Dispatch editorial: Relinquish bodycam videos

Editorial by The Columbus Dispatch

Pressure on police departments to adopt the use of body cameras continues, but even as more departments adopt the technology, the rules governing its use and access to the video it records remain very uncertain.But at present, police officials across the state are free to write their own bodycam policies, and even though legal precedent dictates that such videos are public records, some departments have imposed new and unacceptable exceptions to openness.

For example, the Cincinnati Police Department's draft policy says that video of a police shooting is an open record, but video of a DUI stop can be released only with the consent of the county prosecutor.

Hamilton County Prosecutor Joe Deters already is locked in a legal battle with the Cincinnati Enquirer and other local media over the fatal shooting of an unarmed motorist by a University of Cincinnati police officer in July. Immediately after the shooting, Deters refused to release video of the incident, claiming it was an investigatory record, one of the exceptions to the open-records law. He released the video only after deciding to press charges against the officer. The matter is now before the Ohio Supreme Court. The Enquirer and its allies argue that bodycam video is no different in essence than 911 calls and police incident reports, both of which are public records.

Meanwhile, House Bill 407 awaits action in the General Assembly. The bill sponsored by State Reps. Cheryl Grossman, R-Grove City, and Kevin Boyce, D-Columbus, would require any police department that uses bodycams to adopt a written policy about how they will be used and to train officers to comply with the policy.

While requiring a written policy is a valuable step, it does nothing to ensure public access to the videos, nor does it require any uniformity in policies from one department to the next.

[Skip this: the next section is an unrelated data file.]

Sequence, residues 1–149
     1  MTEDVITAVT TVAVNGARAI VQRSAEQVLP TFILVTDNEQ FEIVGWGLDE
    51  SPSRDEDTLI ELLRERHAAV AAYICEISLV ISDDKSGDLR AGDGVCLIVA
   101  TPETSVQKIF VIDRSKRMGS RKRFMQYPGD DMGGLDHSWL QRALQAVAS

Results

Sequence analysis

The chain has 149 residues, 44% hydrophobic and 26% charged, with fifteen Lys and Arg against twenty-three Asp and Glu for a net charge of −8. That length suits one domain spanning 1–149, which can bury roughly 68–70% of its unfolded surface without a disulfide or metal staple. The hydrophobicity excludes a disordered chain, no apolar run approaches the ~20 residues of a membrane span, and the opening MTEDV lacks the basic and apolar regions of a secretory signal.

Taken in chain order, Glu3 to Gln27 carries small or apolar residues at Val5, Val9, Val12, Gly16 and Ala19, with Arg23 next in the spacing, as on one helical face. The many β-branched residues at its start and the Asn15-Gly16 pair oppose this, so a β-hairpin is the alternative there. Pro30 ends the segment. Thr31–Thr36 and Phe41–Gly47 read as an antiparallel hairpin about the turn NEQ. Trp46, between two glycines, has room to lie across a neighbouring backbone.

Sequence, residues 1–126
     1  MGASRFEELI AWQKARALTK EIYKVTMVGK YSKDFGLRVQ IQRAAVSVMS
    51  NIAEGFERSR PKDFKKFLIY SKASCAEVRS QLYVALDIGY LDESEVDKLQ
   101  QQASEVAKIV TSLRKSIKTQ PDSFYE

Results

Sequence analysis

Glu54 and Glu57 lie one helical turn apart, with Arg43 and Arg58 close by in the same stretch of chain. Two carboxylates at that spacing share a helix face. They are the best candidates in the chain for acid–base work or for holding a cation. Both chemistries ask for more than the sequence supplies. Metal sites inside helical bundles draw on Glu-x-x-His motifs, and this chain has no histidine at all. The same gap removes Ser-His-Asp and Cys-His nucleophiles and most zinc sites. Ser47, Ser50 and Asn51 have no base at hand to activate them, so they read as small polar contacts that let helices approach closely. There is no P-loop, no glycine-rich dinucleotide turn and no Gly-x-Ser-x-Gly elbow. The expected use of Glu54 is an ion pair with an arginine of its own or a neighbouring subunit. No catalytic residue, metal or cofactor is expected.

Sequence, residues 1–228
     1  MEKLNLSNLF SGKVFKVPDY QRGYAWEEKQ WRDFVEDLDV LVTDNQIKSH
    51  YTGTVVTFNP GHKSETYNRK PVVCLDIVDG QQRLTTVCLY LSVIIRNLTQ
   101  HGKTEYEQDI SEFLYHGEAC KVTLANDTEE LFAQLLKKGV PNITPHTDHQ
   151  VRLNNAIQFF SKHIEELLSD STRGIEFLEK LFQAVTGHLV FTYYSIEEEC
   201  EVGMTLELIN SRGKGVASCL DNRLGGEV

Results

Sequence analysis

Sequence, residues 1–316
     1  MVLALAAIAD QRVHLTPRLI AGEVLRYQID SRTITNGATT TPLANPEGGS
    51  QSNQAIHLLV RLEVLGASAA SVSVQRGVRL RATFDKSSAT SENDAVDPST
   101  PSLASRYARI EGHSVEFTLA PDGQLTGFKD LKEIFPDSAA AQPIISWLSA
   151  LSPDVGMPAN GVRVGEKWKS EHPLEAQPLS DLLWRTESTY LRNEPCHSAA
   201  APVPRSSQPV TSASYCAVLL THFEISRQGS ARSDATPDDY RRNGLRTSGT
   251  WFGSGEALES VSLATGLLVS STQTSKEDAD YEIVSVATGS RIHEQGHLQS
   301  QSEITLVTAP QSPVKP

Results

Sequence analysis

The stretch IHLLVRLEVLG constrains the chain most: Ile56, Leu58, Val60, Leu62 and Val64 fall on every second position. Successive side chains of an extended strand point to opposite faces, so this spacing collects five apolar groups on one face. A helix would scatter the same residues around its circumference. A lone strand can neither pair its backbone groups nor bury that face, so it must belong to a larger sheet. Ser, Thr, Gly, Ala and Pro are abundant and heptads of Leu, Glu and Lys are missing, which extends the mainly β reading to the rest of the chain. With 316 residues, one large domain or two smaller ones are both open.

Leaving the issue to be litigated case by case in the courts also is an unsatisfactory outcome, first because it is agonizingly slow and expensive, and because the result could very well be a murky hodge-podge of decisions that require even more litigation to clarify.

It would be far better for the legislature to act now, while the use of bodycams is in its infancy, to explicitly affirm in state law that bodycam videos are public records.

In October, the Ohio Newspaper Association, the Ohio Association of Broadcasters and the Associated Press published an outline of what is needed. The media agencies called for legislation that explicitly declares bodycam video to be a public record and that establishes uniform statewide openness standards for all police agencies. In cases where portions of a video qualify as exempt from open-records law, the video should be redacted, not withheld entirely, and in the event that new exemptions are deemed necessary, they should be tailored as narrowly as possible. The proposal also calls for the law to provide citizens a means to petition a court for release, ideally without having to hire a lawyer and file a lawsuit. Finally, the proposal calls for permanent logs of archived recordings that can be searched easily.

The point of using bodycams is to increase transparency and accountability for police in order to build public trust. If police withhold bodycam video or erect hurdles to access, these purposes are defeated. The recent civil unrest growing out of police shootings shows where that leads.